On a night that featured Thursday Night Football (NY Giants @ Washington) and Derek Jeter’s last game at Yankee Stadium, legendary show-runner Shonda Rhimes led ABC to a victory in both Nielsen ratings and emotional reactions on Twitter.
Last Thursday, ABC aired the season premieres of Grey’s Anatomy and Scandal, as well as the series premiere of How to Get Away With Murder. Shondaland, Rhimes's production company, produces all three shows.
Shondaland producers, talent, and fans, are known for leading the industry in social TV. We took to Canvs to understand which moments, characters, and Twitter strategies were the most powerful throughout the night.
Shondaland vs. Football
There were more emotional reactions during each hour of ABC’s lineup than there were during each hour of Thursday Night Football. In fact, there were more emotional reactions during Scandal than there were during the entire three hours of Thursday Night Football.
From 8:00pm to 11:00pm, ABC’s branded hashtag of the night #TGIT (Thank God It’s Thursday) reeled in over 21,000 emotional reactions and over 88,000 total tweets. Shonda Rhimes (@ShondaRhimes) was mentioned in over 7,500 emotional reactions and over 27,000 total tweets during the three-hour period.
Grey’s Anatomy Rekindles Love And Excitement For Season 11
Grey’s started the night off strong, with 36% of emotional reactions expressing “love” for the show, while 18% said they were “excited” for the episode.
Grey’s Anatomy’s owned Twitter strategy was a huge success, with 45% of emotional reactions during airtime mentioning #GreysAnatomy, #GreysAnatomySeason11 or @GreysABC (the show’s official Twitter handle). 27% of reactions during airtime mentioned #TGIT.
Shonda Rhimes overshadowed the rest of the talent on Twitter, attracting 18% of emotional reactions during Grey’s airtime. Ellen Pompeo (@EllenPompeo) and Sara Ramirez (@SaraRamirez) were the most frequently mentioned cast members, each appearing in 6% of emotional reactions during airtime. 77% of tweets mentioning @EllenPompeo and 70% of tweets mentioning @SaraRamirez expressed either “love” or “happiness”.
Scandal, Or, How Mellie Stole the Show
Scandal kept up the momentum from Grey’s, with 34% of emotional reactions expressing “love” and 17% claiming to be “excited” for the show’s return.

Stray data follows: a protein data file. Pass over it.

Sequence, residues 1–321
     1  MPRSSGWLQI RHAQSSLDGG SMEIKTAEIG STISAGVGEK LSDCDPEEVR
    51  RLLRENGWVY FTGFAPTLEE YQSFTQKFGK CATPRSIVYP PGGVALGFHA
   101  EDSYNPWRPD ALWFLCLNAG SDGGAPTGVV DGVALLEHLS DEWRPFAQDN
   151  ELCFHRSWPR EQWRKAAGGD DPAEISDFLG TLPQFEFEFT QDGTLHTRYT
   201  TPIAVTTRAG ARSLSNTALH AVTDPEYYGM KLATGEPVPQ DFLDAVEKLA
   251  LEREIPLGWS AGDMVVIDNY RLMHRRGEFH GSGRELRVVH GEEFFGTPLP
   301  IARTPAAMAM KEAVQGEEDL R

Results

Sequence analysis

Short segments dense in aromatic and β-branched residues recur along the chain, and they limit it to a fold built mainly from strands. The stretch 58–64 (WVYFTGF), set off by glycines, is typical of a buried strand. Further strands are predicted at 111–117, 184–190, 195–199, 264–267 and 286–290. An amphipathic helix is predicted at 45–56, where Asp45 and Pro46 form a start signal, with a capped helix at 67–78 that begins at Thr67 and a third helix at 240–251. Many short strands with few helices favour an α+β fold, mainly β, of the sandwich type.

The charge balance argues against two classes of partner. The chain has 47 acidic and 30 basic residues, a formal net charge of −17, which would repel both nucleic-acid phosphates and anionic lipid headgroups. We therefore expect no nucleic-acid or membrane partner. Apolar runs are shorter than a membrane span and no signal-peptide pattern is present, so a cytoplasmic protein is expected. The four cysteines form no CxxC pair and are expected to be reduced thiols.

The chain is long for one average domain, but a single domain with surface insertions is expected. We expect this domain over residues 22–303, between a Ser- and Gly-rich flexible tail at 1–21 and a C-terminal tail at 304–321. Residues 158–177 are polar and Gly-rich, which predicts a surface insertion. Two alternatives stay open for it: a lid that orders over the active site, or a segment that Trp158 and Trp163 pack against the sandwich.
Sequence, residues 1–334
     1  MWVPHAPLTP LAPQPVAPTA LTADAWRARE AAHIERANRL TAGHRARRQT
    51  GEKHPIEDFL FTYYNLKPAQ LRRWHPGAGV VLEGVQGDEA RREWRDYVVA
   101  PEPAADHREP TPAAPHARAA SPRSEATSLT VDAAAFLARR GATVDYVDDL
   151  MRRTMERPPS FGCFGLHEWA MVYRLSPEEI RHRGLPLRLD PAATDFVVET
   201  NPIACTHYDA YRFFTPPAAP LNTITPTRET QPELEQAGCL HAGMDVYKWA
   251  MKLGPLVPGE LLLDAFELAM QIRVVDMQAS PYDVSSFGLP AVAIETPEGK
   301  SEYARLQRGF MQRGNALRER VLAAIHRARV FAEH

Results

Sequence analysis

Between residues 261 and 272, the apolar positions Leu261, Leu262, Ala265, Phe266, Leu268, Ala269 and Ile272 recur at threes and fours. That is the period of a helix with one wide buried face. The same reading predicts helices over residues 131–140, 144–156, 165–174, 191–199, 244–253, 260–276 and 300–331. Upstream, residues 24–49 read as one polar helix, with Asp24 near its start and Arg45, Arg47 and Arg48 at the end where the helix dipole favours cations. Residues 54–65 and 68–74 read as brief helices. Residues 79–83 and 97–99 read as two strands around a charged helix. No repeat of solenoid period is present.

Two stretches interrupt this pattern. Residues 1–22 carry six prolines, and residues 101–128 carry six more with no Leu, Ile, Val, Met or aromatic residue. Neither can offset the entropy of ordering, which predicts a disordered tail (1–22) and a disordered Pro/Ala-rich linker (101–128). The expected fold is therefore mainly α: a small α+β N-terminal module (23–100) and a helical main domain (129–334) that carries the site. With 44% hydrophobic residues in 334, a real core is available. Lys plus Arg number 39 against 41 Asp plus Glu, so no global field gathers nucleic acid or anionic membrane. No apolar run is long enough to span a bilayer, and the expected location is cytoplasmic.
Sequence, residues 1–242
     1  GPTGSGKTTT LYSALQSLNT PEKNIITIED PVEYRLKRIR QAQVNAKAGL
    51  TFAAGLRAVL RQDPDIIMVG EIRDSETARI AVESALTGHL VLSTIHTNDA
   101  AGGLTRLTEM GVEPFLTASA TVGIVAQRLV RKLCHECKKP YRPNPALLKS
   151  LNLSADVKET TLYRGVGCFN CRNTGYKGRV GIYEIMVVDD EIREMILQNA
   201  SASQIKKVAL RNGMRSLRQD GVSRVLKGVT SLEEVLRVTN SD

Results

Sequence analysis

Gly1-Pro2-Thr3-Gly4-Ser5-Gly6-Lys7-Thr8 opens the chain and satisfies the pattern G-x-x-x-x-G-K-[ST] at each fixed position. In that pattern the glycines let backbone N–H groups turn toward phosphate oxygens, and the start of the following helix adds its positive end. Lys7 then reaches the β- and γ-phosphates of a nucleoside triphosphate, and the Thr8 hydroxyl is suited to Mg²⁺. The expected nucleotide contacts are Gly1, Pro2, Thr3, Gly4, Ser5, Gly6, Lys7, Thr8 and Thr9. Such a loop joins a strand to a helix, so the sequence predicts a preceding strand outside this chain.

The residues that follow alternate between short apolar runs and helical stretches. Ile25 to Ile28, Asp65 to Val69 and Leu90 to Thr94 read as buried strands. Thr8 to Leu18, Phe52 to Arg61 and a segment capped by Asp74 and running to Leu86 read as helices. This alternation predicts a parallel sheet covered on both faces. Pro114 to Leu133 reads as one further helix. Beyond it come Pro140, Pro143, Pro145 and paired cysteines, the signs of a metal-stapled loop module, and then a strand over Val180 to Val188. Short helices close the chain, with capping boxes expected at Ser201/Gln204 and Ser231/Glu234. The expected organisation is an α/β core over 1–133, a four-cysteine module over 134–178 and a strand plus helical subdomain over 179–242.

The social success of Scandal is a testament to the #WhereIsOlivia teasers ABC aired throughout the summer. #Scandal and #ScandalThursday were mentioned in 43% of emotional reactions during airtime, and #TGIT was mentioned in 15% of emotional reactions during airtime.
Mellie Grant, Scandal’s First Lady, resonated with viewers on an emotional level. Her appearance as a distraught mother mourning the loss of her son, instead of the usual power-hungry First Lady, led to a spike in “sad” and “wtf” reactions from 9:30pm-9:35pm.
Mellie was mentioned in 12% of reactions overall, making her the second-most discussed character after Olivia Pope (13%). Viewers also reacted strongly to Mellie’s closing monologue, deeming it “funny.”
Viola Davis’s One-Woman Premiere
The series premiere of How To Get Away With Murder enticed viewers immediately. Within the show’s first 15 minutes, 13% of reactions announced that people were “hooked.”
Viola Davis (@ViolaDavis), the show’s A-list leading lady, captivated viewers throughout the premiere. Davis alone drove 9% of reactions, more than any other actor or character. The next most frequently mentioned character was Wes Gibbons, who came in at a mere 1%.
Even though the show’s name can be a mouthful to speak, let alone to tweet, #HowToGetAwayWithMurder and #HTGAWM combined were used in 70% of emotional reactions. #TGIT came in second, appearing in 13% of emotional reactions.
Although season premieres tend to drive the most buzz, the Thursday night competition is not going anywhere. We will be keeping a close eye on the effectiveness of Shondaland’s Twitter strategy. For now, all we know for sure is that the fun will begins again tonight. #TGIT.
Tweet Source: Nielsen. Relevant Tweets captured from three hours before, during, and three hours after an episode’s initial broadcast, local time